Unfortunately, this device is not exactly designed for what yo are trying to do. So high-quality microphone does not really mean high-quality microphone in this application which is largely misguided. If however you were in seventh Row Orchestra Center and you are recording a Verdi Requiem, it would sound fantastic. That's what it's designed for, not rock-and-roll. Think about returning it if you can?

    Talking to sales representatives about what you want to do also be helpful, as they may be able to help prevent you from making these kinds of costly mistakes. Stop reading specifications! It doesn't mean anything. It has nothing to do with what you're recording is going to sound like. It's also known as "operator error" and the most common problem of all.

    I promise I'm not laughing at you. (Snik snik)
    Ms. Remy Ann David
  5. Greener

    Greener Guest

    Ms. David, the op states; "I can hear this noise on my stereo/speakers often when listening to other music/cd's etc... ".

    Why would you assume it's the recorder?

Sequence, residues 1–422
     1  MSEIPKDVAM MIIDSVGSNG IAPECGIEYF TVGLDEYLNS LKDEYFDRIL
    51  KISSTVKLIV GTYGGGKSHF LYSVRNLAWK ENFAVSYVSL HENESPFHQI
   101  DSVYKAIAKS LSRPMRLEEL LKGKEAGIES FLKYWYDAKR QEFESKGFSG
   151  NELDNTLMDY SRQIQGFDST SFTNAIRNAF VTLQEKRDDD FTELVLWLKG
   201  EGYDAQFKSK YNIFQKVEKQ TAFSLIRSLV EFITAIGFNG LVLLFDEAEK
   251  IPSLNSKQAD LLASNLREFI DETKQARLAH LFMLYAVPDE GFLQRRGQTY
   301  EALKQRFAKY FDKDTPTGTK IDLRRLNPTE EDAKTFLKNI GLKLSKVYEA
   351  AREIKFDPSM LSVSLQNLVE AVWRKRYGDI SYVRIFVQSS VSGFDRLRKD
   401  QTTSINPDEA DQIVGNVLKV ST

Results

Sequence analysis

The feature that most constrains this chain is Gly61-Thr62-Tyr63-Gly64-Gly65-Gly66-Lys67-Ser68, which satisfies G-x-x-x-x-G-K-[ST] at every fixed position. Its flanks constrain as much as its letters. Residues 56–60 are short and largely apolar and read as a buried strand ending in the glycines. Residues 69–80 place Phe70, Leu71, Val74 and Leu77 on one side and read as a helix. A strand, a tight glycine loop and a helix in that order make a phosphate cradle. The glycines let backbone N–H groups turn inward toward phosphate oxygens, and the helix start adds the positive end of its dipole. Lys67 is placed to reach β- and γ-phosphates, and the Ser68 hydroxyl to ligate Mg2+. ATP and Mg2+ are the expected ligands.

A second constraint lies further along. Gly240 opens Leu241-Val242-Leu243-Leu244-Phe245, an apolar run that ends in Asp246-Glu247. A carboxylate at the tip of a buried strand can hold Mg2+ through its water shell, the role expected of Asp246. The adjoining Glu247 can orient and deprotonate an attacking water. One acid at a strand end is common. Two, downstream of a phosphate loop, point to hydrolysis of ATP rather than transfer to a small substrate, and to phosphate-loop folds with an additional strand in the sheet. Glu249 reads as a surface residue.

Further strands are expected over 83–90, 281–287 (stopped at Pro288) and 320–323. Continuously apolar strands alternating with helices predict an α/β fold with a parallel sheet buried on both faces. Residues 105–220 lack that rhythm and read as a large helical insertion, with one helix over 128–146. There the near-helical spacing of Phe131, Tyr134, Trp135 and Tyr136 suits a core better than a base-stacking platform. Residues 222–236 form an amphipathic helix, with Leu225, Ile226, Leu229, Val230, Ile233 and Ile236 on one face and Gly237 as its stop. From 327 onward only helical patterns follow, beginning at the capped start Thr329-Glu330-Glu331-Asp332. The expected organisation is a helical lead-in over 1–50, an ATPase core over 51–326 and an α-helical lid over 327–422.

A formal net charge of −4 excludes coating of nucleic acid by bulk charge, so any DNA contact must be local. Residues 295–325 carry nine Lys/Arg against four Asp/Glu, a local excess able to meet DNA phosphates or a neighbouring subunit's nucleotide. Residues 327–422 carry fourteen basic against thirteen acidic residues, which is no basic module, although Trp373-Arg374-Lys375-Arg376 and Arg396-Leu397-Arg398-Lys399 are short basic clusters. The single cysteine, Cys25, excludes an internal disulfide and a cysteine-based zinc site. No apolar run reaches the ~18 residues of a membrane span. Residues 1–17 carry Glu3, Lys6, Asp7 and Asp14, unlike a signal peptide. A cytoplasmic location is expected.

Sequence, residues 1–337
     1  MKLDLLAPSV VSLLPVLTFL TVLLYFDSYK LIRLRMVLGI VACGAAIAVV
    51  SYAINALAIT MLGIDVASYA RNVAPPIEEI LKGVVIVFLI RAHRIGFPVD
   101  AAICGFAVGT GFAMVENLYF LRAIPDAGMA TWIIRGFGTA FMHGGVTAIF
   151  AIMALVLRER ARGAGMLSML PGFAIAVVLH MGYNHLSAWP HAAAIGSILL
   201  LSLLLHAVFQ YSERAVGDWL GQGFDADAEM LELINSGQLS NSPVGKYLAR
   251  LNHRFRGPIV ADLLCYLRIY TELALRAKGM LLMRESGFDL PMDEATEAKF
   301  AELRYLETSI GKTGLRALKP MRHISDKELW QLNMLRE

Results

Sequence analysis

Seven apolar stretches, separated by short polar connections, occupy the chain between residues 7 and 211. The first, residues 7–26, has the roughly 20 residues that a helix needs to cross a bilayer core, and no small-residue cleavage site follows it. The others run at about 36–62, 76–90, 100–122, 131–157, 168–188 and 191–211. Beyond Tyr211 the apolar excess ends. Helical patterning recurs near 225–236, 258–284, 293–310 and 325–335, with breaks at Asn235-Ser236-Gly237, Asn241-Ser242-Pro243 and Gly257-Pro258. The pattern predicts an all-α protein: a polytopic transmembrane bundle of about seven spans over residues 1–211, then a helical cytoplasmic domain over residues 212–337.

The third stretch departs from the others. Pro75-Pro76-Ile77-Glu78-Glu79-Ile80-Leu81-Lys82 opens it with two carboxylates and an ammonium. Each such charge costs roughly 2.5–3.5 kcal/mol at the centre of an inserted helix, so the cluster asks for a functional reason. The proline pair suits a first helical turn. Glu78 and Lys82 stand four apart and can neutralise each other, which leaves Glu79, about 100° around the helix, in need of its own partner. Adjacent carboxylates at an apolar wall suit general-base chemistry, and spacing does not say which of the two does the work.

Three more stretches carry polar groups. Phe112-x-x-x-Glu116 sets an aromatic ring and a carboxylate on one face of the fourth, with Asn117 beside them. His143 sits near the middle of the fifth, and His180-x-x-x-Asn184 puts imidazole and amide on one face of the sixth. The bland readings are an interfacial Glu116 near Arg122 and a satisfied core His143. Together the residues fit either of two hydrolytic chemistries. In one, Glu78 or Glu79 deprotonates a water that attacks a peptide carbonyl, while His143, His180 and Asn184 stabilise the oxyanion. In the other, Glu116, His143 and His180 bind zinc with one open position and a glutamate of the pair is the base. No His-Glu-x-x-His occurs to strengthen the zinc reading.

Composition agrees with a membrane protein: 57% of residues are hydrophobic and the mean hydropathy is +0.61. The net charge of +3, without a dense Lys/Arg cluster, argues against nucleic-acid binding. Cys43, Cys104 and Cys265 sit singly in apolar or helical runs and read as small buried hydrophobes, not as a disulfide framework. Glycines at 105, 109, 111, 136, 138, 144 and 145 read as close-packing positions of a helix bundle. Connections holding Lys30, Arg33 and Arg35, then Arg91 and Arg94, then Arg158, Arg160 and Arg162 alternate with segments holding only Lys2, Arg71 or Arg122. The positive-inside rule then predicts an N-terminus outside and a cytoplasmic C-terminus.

Have you tried one?

    I am keen to know as I can purchase one locally, retail and cheap... So I am rather interested.

  6. RemyRAD

    RemyRAD Member

    Sep 26, 2005
    Greener,this person is actually describing 2 different problems.

    This person is probably turning up crappy computer speakers too loud. Loose connections? Sure,but it has nothing to do with anything electrical. Notice there is no reference to "studio monitors". No mention of listening to anything through headphones, was even mentioned. I'm just trying to get them a better recording on their gizmo.

    So if they hear sound coming out of the speakers, they're connected. Sure, you should take those 1/8" connectors and twist them a little bit to make sure they're fully seated. Speaker rattling around in the box? Cone dislodged, torn, blown up? We all know that's not the problem. It's a clueless lack of understanding. Sort of like jumping into a pool before you make sure it has water in it. "The speakers are rated at 10 Watts. I only plugged a 1 Watt amplifier into them, so I don't know why they are distorted?" That's what's going on here. Now they know also.

    sorry, I'm tired.
    Ms. Remy Ann David

    I'm going to bed on a perfect A. Its 4:40 a.m..
  7. BobRogers

    BobRogers Well-Known Member

    Apr 4, 2006
    Blacksburg, VA